March 09, 2009419er Seeks Dumbest Guys in the Room
The Enron debacle, portrayed in a book and movie titled The Smartest Guys in the Room, lives on in a preposterous 419 letter arriving today. The basic claim is that Ken Lay and Jeff Skilling deposited 37.5 million Pounds into Deutsche Bank in London back in 2001. Then the usual blah, blah, blah about no beneficiaries and other garbage to entice recipients to capture around $20 million for their trouble.
Here's the whole tale, coming from someone claiming to be the Auditor General of the bank (yah!):
First of all, let me start by introducing myself. My name is Mr. Ray Smith,the Auditor General of Deutsche Bank London. I have an urgent and very confidential business proposition for you.I am the accounting officer of Mr. Ken Lay, Enron founder, who deid on July, 5th 2006, at the age of 64 and his friend and partner Mr. Jeffrey Skilling, Ex-Enron CEO who was recently convicted 24 years for his involvement on the collapse of Enron, the energy trading giant in America.It will interest to know that on Wednesday, 7th February 2001, Mr. Ken Lay deposited a total sum of 20M pounds and on Tuesday, 24th April 2001, Mr Jeffrey Skilling deposited 17.5M Pounds in our Bank. These funds were deposited into a non-existing company's account which I opened in our bank (DEUTSCHE BANK LONDON) under their instructions, to avoid raising an eyebrow but unfortunately for them and fortunately for me, the 2 men are gone.
You can read more about the sentence by visiting the below websites:
http://www.accountancyage.com /accountancyage/news/2171002 /enron-ceo-sentence-slashed
http://www.economist.com /business/displaystory.cfm ?story_id=8082101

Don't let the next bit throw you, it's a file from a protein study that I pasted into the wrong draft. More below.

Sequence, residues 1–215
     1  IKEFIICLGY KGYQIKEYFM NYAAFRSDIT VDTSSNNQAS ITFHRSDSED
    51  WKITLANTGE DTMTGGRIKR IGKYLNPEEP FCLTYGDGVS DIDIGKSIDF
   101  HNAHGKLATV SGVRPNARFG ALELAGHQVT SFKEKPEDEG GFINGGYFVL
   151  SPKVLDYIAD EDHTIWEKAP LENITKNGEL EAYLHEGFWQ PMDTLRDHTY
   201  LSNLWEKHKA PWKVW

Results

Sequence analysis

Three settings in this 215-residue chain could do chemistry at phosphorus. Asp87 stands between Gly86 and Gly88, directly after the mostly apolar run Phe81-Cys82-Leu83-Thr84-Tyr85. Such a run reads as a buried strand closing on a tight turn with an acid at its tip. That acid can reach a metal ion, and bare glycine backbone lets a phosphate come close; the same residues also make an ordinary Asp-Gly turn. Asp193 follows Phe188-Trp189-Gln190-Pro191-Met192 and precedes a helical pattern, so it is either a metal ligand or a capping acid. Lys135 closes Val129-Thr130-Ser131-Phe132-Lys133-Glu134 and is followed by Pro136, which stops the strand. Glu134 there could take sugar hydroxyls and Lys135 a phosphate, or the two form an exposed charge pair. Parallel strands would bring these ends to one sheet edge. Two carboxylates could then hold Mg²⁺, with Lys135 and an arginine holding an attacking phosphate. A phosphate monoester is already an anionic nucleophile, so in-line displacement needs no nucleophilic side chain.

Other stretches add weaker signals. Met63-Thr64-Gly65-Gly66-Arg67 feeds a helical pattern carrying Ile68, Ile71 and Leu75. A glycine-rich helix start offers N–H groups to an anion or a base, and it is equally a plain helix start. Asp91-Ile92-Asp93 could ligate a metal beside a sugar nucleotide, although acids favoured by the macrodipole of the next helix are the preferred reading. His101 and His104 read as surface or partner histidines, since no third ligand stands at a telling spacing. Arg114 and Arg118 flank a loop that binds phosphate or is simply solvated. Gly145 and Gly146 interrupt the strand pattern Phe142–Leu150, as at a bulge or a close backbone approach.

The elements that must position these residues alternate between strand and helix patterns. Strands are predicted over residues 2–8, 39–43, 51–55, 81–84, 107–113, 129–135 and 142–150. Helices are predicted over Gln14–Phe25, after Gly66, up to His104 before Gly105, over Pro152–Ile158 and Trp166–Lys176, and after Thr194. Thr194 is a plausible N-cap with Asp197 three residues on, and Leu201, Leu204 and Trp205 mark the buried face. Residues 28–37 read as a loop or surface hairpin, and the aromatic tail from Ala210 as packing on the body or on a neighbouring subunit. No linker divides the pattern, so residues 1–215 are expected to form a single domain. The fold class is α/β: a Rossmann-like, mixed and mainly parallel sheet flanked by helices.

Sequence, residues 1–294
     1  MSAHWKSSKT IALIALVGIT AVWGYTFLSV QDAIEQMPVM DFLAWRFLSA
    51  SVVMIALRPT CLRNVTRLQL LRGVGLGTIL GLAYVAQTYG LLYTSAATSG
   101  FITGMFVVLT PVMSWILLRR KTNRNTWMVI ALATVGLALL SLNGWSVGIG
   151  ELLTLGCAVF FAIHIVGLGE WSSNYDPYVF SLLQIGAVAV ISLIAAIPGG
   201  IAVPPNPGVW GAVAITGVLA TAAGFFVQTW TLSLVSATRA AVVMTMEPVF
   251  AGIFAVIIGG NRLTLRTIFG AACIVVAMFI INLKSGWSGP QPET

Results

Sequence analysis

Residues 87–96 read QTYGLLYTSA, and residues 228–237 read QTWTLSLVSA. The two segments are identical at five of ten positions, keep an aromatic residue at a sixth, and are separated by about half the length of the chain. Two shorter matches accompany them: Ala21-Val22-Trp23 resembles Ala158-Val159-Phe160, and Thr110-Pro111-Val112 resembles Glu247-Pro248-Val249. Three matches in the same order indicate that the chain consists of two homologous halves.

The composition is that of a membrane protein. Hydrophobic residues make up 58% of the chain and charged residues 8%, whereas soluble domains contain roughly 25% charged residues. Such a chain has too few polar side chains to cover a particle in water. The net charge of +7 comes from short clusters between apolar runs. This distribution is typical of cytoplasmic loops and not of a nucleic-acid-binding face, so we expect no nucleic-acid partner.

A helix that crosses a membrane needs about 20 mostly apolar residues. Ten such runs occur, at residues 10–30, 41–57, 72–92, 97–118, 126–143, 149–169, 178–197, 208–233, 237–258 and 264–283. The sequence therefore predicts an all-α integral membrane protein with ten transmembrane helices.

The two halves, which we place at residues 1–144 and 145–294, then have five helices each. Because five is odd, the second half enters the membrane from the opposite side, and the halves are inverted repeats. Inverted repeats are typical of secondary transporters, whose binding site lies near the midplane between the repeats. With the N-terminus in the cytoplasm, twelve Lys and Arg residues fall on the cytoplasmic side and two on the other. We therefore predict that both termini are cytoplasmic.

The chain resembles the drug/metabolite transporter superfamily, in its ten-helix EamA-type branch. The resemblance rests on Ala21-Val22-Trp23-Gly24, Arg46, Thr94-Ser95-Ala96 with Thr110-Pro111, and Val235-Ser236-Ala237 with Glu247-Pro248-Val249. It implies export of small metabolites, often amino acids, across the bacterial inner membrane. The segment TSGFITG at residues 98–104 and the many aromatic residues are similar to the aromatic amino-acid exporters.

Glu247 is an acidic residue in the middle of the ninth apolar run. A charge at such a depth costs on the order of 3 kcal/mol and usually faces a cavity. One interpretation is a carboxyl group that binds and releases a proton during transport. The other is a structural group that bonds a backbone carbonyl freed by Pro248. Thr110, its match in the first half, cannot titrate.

So right now, we have the sum of 37.5M Pounds lying in the 2 accounts without any proof of ownership as it was opened with non-existing companies name and the bank is not aware of the real beneficiaries as the accounts did not bear any name. As their accounting officer and financial adviser in charge of these accounts, I can comfortable present you to the Bank as the real beneficiary of the funds and they have no right to deny the application.
Consequently, my proposal is that I want to seek your consent as a foreigner to stand as the owner of any of these accounts, since it has no trace or beneficiary which makes it easier and fine to transfer to your designated bank account as the beneficiary. The nature of my work as a staff of the Bank will not allow me lay claim on the funds, hence this proposal to you and be informed that as long as you are ready to cooperate and be truthful to me, I can assure you that the sky will be our limit.All documents and proves to enable you get any of the money will be carefully worked out and more so, I assure you that the business is risk free, as everything will be handled in accordance with the International Monitary Guidelines. I am offering you 40% for your cooperation in achieving this aim.Please, if you are interested in working with me, I will like you to send the below informations to enable me procure the necessary documents that will back up the transfer to your account:
1. YOUR FULL NAMES AND ADDRESS.
2. AGE AND MARITAL STATUS.
5. TELEPHONE AND FAX NUMBERS FOR EASY COMMUNICATIONS.
As soon as I receive your acceptance mail by forwarding the above informations, I will prepare the paper works in your name for onward remittance of the funds into your designated account.
Lastly, I want you to understand that this transaction requires trust,honest and above all, utmost confidentiality, to avoid escalating.
The Auditor General,
Deutsche Bank London.
Gee, you'd think that the Auditor General of a major European bank in London (England, whence English) would know how to spell "monetary."
I guess this guy hopes to find one of two types of people.
The first would be someone greedy enough and lacking a conscience who wouldn't mind grabbing a bunch of money that was (had it really existed) rightfully due former stockholders and others with claims on the company's assets. Lots of innocent folks had their life savings wiped out when the company went bust. Sadly, there probably are people out there who wouldn't mind lighting cigars with Benjamins sourced this way.
The second type would be someone who really did get screwed by Enron and sees this as an opportunity to get back what they lost. That would be the saddest case—someone who lost big time due to one scam, about to lose some more from another scam using the first scam as bait.
I'll bet the original author of this 419 letter got such a buzz coming up with the idea that he was up the whole night composing it and looking for supporting news stories on the web. And here I am, breaking the confidentiality. Oh, boo hoo.Posted on March 09, 2009 at 10:21 AM